4 impressive winners of the Palme d’Or that are available in streaming

The Cannes Festival is one of the film events par excellence every year, where they meet some of the most relevant films that we are going to be seeing in the coming months -sometimes even years-. Exceptional films are always found in its selection, and some of them sometimes win the most important prize of the contest, the Palme d’Or.

With the celebration of the new edition of the French festival, we review some of the great winners of this prestigious Palme d’Or that can be seen on streaming platforms. Films of different styles, different authors and different times, which show that the juries chosen by the organization sometimes get it right in a big way.

‘Marty’ (1955)

Marty 1955 Ernest Borgnine

director: Delbert Mann. Distribution: Ernest Borgnine, Betsy Blair, Esther Minciotti, Joe Mantell, Karen Steele.

Only three films have won the Palme d’Or and ended up winning the Oscar for Best Picture. The last one was ‘Parasite’ in 2020, but its predecessors go back at least 60 years before. One was ‘Days without trace’, by Billy Wilder. The other, the relatively obscured ‘Marty‘, an exquisite drama starring Ernest Borgnine.

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Borgnine plays a forty-year-old butcher unlucky in love who still lives with his mother. He is shy and somewhat clumsy, but still tries every night he can. One day, he meets an insecure and shy girl like him (Betsy Blair), and during that night an unexpected and intense romance begins. A authentic little gembut full of delicacyserene but heartfelt drama, and a rather warm charm.

See in Filmin | Criticism in Espinof

‘Viridiana’ (1961)

Viridiana 1961 Luis Bunuel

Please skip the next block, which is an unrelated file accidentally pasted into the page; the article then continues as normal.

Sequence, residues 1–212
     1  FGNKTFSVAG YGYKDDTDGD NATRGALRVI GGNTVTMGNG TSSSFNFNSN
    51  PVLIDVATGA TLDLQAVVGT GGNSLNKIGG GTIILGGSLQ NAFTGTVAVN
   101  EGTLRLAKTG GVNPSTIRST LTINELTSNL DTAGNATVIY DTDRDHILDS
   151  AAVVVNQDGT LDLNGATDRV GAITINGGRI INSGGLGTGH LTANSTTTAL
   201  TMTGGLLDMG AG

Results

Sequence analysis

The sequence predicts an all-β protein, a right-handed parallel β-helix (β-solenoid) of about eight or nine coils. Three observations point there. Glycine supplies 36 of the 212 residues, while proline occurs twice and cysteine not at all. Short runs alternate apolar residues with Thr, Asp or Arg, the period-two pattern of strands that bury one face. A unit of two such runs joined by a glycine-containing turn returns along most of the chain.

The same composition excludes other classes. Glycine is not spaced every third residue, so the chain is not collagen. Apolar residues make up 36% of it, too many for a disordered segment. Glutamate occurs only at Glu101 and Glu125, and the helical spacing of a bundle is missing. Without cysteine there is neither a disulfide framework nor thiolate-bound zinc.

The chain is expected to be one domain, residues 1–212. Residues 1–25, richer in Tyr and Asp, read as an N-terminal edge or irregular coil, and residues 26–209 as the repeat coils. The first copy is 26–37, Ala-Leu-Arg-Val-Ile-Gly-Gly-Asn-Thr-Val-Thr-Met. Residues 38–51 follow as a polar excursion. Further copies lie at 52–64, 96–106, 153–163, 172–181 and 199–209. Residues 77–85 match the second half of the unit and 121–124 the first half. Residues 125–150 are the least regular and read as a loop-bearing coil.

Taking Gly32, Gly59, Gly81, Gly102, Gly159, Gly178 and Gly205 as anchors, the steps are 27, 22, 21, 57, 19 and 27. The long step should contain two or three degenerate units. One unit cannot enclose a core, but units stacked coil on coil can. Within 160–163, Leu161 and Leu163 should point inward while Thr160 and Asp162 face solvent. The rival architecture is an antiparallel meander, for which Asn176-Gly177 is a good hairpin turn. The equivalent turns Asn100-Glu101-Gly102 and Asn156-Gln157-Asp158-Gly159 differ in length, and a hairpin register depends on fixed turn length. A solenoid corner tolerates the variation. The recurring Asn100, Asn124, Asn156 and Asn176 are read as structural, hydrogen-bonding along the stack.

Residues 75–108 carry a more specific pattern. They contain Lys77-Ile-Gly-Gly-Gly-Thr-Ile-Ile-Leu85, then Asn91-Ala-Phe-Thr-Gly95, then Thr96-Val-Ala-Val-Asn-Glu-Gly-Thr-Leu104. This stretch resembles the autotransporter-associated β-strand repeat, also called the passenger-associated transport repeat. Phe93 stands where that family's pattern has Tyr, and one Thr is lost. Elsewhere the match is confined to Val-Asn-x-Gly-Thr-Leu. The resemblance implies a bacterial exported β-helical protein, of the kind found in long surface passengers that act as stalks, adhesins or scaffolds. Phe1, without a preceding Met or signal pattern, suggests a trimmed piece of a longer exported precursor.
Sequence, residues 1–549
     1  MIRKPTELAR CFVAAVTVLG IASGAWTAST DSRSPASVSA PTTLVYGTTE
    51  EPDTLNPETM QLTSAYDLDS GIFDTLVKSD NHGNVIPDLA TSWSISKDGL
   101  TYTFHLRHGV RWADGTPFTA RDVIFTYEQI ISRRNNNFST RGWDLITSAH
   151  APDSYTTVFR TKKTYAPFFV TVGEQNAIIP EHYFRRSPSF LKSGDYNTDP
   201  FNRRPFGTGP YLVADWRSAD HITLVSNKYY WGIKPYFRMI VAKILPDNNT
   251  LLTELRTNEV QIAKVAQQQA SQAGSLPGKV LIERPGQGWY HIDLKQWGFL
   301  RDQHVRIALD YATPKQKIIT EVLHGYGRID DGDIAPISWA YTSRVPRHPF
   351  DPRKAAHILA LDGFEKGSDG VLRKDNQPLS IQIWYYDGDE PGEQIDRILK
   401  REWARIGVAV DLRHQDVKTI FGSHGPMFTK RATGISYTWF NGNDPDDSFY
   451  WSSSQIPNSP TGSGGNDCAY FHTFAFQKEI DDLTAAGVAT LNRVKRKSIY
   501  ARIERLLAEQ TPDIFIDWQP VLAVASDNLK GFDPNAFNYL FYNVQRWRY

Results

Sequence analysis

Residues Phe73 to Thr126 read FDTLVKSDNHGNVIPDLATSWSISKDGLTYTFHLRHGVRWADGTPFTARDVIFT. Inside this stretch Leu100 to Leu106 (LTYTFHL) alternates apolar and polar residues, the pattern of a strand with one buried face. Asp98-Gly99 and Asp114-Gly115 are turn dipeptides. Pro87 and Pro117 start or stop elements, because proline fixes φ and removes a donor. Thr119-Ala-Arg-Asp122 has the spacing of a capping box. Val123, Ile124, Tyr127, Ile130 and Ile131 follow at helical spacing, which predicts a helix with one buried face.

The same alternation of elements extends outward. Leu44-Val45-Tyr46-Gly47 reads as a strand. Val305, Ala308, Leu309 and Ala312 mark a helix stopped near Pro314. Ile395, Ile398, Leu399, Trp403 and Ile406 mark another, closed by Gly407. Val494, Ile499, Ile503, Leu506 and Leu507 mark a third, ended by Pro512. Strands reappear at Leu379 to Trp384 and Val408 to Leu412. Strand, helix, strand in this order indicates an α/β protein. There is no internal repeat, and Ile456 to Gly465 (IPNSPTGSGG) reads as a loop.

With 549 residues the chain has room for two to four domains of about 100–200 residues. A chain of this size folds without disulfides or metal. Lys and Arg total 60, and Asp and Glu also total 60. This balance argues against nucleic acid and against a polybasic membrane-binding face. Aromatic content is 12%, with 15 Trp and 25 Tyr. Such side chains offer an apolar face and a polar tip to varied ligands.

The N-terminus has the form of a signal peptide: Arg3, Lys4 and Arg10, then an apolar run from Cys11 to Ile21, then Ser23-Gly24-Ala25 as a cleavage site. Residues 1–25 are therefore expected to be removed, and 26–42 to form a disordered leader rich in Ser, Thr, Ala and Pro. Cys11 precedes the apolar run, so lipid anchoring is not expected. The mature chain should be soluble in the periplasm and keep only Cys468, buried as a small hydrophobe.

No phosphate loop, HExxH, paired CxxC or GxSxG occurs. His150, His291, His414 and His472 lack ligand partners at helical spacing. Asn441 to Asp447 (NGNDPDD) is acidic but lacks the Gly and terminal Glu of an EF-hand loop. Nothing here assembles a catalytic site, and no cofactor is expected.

director: Luis Bunuel. Distribution: Silvia Pinal, Fernando Rey, Francisco Rabal, Margarita Lozano, José Calvo, Teresa Rabal, Luis Heredia.

The the only Spanish film that managed to triumph at the top of Cannes, and was close to not even being able to be shown by the authorities of the Franco dictatorship. In fact, Luis Buñuel’s film was not released in Spain until 1977, once Franco died, and he had to pass himself off as Mexican in order to overcome various obstacles and censorship.

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It’s easy to see why he can flake conservatives out of “neatness” and “decency,” because ‘Viridiana‘ is a very stark against religion and oppression of the underprivileged classes. Buñuel’s surrealism here leaves more room for a prodigious classicism that makes it a total masterpiece, one of the essential works by the Aragonese filmmaker.

See on HBO Max and on FlixOlé | Criticism in Espinof

‘All That Jazz (The Show Begins)’ (1979)

All That Jazz 1979 Bob Fosse

director: Bob Fosse. Distribution: Roy Scheider, Jessica Lange, Leland Palmer, Ann Reinking, Ben Vereen.

A masterful exercise in self-fiction Bob Fosse, where he reviews his entire complex existence and everything related to the world of entertainment to which he has paid so much devotion. It is an ambitious storybut manages to land those ambitions without committing to easy solutions, giving one of the best behind-the-scenes glimpses of the world it depicts.

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Cannes could not resist acknowledging Fosse’s impressive work, which he found in a dedicated roy scheider the key to be able to open the channel, counting his existential doubts, his problems and his fears together with his great moments of luxury. He does it with the format that he has best mastered, the musical, making one of the most unique and brilliant works that the genre has seen.

See in Filmin | Criticism in Espinof

‘Paris, Texas’ (1984)

Paris Texas 1984 Wim Wenders Harry Dean Stanton

director: Wim Wenders. Distribution: Harry Dean Stanton, Nastassja Kinski, Dean Stockwell, Aurore Clement, Hunter Carson.

It’s easy to imagine the Cannes 1984 jury unprepared for the emotional bulldozer that is ‘Paris, Texas‘, the masterful work of Wim Wenders which is a one of the best cult movies of all time. An uncertain road trip -real and from life- that reveals very powerful and unexpected emotional weapons.

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Wenders’ film oozes humanity, even if it can be eccentric. An elegant work full of emotion, even if not abused to be tear-producing. It is also the greatest display of the talent of Harry Dean Stantonone of those eternal secondary that always gave life to every movie in which it appeared, and managed to make it, at least, a little better than it should be under normal circumstances.

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